Fantasy literature has been defined as a “story based on and controlled by overt violation of what is accepted as the norm or possibility a narrative that transform a condition that is contrary to the fact into fact itself” (Jackson 14). This kind of literature represents the unreal as the new real, and puts to question people’s accepted truths on reality. Jackson also adds that fantasy literature is “concerned with describing the desire in its excessive forms as well as in its various transformations or pervasions” (10).
Therefore, this kind of literature tends to engage and test the reader’s ideas of the real world by indulging him deeper into the unreal and unnatural world. The aim of this paper is to define real fantasy and explain its six basic elements. In Fantasy literature, the most consistent creation is a highly valuable object, which in most cases is a place that offers safety to the hero. The appearance and significance of this object is usually blown out of proportions. Stevens in his 1918 narrative Friend Island explains this mysterious island called Anita that had a human heart. Anita was so priceless and valuable to the sea woman, who had come to posses it so dearly (para 56). This mysterious lady island had human feeling such that when Nelson cussed it, she responded by “throwing snakes and lava” at them, which according to the see woman was expression of human feelings (para 57, 58). In Ballard’s Drowned Giant, the drowned giant is the priceless object as the local finds several uses for it including making fertilizer (7).
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Fantasy narrative authors also create a hero, a person who posses the right characters to accomplish heroic acts has to travel great distances to locate the prized possession. This hero has to be a person with the right characteristics, such as the sea woman and the young English student (Stevens para 2; McDonald para 23). These two fantasy characters possess extraordinary strength and characters to fight unnatural odds, and come out victors. It is characters that must make long journeys to find that priceless object.
In most of the cases, the location of the prized objects is not known but its seekers have the hope and courage to go after it until they finally find it. Fish, in his narrative Bleeding Jungle portrays such a character in Atl, (17). Atl overcomes unimaginable odds. Unlike his father Ollin, the tribe’s chief, he survives plague and because of that his dying father hands him the leadership of the tribes, asking him to deliver it to the promise land where there are no marauding white men (16). To reveal the real hero in fantasy stores, the characters are put through a series of impossibly challenging situations, to eliminate the weak ones.
Some characters survive these great odds and emerge as the heroes. A good example is the sea woman who survives a great storm and a volatile volcanic island to reach to safety (Stevens para 13, 23). The sea woman, who is of extreme abilities stronger even than men, emerges the hero, as she is the one who saves Nelson when Anita blew up (para 60). Fish creates a hero in Atl, and not his father Ollin. Atl is among the few people to overcome the plague and as a result his sick father initiates and hands him the leadership of the tribe (9). He mobilizes the tribe three thousandth movement to safety (17). The acquisition of this object is never easy and is always protected by a powerful force. The hero must firsts overcome the objects’ guardian, sometimes through a helper.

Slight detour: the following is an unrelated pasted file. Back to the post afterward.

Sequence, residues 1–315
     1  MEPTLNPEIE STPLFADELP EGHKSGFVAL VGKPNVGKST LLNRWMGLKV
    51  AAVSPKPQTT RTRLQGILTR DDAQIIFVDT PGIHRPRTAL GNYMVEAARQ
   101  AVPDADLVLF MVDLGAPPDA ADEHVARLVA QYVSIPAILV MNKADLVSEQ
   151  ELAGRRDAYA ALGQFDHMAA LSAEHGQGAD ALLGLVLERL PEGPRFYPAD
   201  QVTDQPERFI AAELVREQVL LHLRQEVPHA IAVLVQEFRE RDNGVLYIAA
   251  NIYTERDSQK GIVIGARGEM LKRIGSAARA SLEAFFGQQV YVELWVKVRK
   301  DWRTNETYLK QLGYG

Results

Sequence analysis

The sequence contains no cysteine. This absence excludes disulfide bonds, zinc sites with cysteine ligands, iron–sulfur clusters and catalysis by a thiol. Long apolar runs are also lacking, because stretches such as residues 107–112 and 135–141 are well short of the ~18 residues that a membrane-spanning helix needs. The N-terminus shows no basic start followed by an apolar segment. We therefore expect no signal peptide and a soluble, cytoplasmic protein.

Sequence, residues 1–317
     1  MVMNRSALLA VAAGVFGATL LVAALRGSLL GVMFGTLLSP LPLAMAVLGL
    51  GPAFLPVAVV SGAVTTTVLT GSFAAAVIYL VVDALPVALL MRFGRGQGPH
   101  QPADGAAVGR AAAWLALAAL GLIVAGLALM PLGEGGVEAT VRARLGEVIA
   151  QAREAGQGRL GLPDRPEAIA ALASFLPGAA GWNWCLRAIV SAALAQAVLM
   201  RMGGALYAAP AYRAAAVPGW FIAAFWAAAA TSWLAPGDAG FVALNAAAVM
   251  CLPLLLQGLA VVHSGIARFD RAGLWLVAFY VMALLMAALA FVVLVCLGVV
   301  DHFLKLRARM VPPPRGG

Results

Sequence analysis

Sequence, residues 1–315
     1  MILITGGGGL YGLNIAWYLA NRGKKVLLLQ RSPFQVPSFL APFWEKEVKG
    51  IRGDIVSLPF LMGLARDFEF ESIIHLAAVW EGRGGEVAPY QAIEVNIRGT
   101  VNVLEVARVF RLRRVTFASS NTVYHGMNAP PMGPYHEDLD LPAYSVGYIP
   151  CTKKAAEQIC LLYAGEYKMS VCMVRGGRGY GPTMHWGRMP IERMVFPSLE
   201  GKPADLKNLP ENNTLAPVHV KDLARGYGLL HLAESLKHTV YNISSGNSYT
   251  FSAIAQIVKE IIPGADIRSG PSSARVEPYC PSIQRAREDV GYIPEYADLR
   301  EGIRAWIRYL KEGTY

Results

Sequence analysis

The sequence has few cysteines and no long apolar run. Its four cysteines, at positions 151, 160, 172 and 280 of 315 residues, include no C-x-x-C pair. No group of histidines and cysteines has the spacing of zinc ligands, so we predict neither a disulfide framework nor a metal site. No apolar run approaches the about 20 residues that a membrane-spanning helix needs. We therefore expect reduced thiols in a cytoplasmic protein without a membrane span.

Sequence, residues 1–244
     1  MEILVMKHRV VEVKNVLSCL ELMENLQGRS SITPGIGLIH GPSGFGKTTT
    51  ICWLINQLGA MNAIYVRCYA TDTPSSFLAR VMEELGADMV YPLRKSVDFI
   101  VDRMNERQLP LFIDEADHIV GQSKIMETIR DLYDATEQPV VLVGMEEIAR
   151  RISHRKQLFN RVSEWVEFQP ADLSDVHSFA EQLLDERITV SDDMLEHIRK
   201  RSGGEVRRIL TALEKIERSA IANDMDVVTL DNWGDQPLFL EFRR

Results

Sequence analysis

For example, Bradley’s Year of the Big Thaw is about an alien ship the crashes into Mr. Emmett’s back yard, killing a couple, and ironically their child survive (para 28). The couple’s child, the only survivor, is trapped into this burning ship and Mr. Emmet has to help the hero by brining him to his wife for nursing (para 40).
Ironically, the hero upon being helped does not benefit the helper. This is exemplified by the young boy who runs away leaving his helper lying helplessly (Stevens para 29) In conclusion, high fantasy literature is about the unnatural seeming natural. It presents perverted reality to the reader. Most of these stories are gory and scaring as they involve insurmountable suffering for the hero. The hero has to overcome great and unimaginable odds to reach to the prized destination. This destination could be either the search of an important object or a far distant place where they find safety. for heroes to reach to their prized object they have to overcome a the objects guardian protector, a powerful force.
This is done through a helper nut the irony of it is that the heroes acts do not benefit the helper. This shows that these heroes are ungrateful and selfish as they only mind about themselves.
Ballard John. The Drowned Giant.
1962. 29 January, 2011.http://crabdog.org/books/books/Ballard,%20J%20G%20- %20Drowned%20Giant.pdf Bradley, Zimmer. Year of the Big Thaw. 2009.
29 January, 2011.http://www.gutenberg.org/files/28650/28650-h/28650-h.htm Fish, Charlie. Bleeding Jungle. 1980. 29 January, 2011.
http://www.eastoftheweb.com/short-stories/UBooks/BleJun.shtml I Jackson, Rosemary. Fantasy, the literature of subversion. New York: Methuen & Co.
, 1981. Print. MacDonald, George. The Gray Wolf. 1980.
29 January, 2011.http://www.readbookonline.net/readOnLine/14140 Stevens, Francis. Friend Island: All-Story Weekly .
1981. 29 January, 2011.http://gaslight.mtroyal.ca/frndisld.htm